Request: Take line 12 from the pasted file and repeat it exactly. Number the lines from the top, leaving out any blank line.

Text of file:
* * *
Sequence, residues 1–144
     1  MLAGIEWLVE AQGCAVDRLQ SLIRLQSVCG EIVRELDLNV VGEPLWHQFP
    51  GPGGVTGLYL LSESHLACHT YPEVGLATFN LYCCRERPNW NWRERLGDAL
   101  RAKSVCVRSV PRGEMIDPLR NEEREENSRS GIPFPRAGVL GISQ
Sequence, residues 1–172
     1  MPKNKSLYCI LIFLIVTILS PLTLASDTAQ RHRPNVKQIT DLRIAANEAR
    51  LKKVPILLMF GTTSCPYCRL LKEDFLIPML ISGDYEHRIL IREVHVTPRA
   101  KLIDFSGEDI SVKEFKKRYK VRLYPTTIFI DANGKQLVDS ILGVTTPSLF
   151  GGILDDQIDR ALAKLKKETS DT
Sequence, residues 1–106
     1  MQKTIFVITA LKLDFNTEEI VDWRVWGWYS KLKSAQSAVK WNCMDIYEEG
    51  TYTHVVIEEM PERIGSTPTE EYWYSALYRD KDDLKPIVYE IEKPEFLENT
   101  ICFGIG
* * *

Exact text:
    51  TYTHVVIEEM PERIGSTPTE EYWYSALYRD KDDLKPIVYE IEKPEFLENT